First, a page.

In case you haven't seen the Wolverine movie, and in case you're really horrible at sensing where a snarky blog post is going, I'll let you in on a secret: X-Men Origins: Wolverine blows.
Now, if you never read comics, you probably saw the X-Men movies, thought Wolverine was a cool character, got excited for the movie Wolverine, then saw it and thought, "This blows."
But appreciate how much more it blows from the point of view of a lifelong fan.
First, consider how awesome the storyline loosely portrayed in the movie is originally:
Wolverine, starting to have some serious questions about his sketchy, memory-blocked and brain washed past wherein he worked as an assassin for the Canadian government (we have those?), asks Professor Xavier to unblock some memories (using his considerable brain powers).
The memories are violent and painful (thus the metaphoric spikes in these two old covers) and call into question a lot of details about his past, including whether or not his wife, Silver Fox, ever actually died. In short, the process makes him go a little crazy. In between flashbacks about weird missions as part of a team of assassins in Cuba and South East Asia , he does a lot of drinking and soul searching and, searching for answers, he ends up reuniting with his old team.
While they all sort of want to kill each other, they agree to reunite in order to figure out the truth behind the project that brought them together - Weapon X - and fuck up the people who have been messing with their heads for so many years.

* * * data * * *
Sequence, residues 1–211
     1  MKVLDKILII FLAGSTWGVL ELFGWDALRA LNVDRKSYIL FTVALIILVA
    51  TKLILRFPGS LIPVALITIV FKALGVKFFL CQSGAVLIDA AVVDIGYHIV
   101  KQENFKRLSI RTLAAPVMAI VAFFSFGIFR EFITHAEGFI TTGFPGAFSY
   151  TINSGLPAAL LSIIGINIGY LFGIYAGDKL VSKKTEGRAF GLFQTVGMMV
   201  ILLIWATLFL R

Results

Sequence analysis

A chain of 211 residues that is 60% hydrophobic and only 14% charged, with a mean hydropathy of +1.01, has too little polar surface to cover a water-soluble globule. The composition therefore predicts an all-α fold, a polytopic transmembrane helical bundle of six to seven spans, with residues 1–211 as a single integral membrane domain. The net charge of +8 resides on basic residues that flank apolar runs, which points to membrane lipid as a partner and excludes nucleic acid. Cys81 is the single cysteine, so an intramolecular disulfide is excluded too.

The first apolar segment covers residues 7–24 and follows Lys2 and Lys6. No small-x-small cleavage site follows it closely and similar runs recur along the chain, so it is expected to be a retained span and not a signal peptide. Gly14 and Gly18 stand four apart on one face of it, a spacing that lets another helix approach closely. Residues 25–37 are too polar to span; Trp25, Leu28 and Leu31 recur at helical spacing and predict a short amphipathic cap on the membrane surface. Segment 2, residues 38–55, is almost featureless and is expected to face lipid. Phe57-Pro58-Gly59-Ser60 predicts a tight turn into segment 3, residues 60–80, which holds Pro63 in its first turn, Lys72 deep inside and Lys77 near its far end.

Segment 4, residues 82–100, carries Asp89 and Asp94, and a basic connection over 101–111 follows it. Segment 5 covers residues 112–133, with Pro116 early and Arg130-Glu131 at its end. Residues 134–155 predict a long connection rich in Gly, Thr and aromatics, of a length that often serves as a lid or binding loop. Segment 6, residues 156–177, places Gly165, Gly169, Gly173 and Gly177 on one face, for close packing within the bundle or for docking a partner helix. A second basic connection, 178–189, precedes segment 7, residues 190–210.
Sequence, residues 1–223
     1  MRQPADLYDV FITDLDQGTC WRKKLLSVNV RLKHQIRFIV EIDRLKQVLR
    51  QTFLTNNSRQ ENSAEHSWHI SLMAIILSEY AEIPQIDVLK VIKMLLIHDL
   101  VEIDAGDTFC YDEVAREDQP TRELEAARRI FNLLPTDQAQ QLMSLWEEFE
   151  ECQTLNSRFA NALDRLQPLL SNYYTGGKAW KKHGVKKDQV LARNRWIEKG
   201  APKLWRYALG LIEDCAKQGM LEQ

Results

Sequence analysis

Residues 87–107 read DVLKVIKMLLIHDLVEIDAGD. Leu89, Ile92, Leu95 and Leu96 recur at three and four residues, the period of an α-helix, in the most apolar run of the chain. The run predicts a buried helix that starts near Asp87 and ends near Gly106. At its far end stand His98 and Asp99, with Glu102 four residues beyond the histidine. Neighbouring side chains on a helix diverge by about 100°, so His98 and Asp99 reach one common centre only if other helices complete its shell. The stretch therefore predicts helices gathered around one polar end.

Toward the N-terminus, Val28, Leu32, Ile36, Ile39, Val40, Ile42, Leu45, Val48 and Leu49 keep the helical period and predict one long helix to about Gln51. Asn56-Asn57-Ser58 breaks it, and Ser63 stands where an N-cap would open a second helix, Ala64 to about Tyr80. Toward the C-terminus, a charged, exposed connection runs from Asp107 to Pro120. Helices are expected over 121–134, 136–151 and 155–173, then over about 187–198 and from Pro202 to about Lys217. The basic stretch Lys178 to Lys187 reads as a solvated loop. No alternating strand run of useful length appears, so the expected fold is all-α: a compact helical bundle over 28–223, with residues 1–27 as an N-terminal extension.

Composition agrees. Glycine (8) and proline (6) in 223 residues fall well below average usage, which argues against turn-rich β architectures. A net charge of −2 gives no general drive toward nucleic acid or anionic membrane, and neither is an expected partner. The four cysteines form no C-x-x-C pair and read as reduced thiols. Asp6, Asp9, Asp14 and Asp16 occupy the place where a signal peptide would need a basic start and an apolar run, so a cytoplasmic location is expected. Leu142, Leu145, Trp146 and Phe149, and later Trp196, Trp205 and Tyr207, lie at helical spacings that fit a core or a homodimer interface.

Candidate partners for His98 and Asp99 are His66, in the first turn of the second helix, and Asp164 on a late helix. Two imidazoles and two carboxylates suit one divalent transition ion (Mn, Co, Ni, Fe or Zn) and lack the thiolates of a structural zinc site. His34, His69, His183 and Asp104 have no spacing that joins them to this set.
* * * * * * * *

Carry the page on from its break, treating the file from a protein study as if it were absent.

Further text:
So yeah, kind of an awesome plot.
In the movie they cherry-picked details and smashed what is actually an amazing 20+ issue story-arc into an agonizing 1 hour and 47 minutes that bares little resemblance to the original intricate story or incredibly well developed characters.
So for true fans, X-Men Origins: Wolverine really, really blows.
In the comic, the first time Wolverine and Sabretooth fight (Wolverine #10), it's because Sabretooth killed Wolverine's wife for no reason on Wolverine's birthday (Yes, Silver Fox wasn't actually killed but they both had that false memory implanted). Wolverine, rightly so, goes berserk and they have a massive scrap in the Canadian wilderness that almost kills Wolverine. Since then, no matter where he is in the world, Sabretooth shows up every year on Wolverine's birthday just to kick the shit out of him again. How fucking bad-ass is that? And look at the guy:
I know right?
You look at this guy, you hear how awesome he is and if you're like me, you think....wait...Liev Shreiber? Are you fucking kidding me?
Argh! I hate you X-Men Origins: Wolverine.
And I haven't even got to the casting of will.i.am, the unmasking Deadpool simply for the sake of seeing Ryan Reynolds pretty face and the completely unnecessary addition of Gambit.
God I hate this move. I'm choking on my own rage here.
But I did it for you.
I hope that in writing this, I've taught some of you just how much this movie not only blows, but blows.
I also, of course hope that in a few years a bored, talented director will stumble on this post, decide to make the Wolverine movie properly and follow up with me for details.
Bored director, please email: firstname.lastname@example.org. Thank you.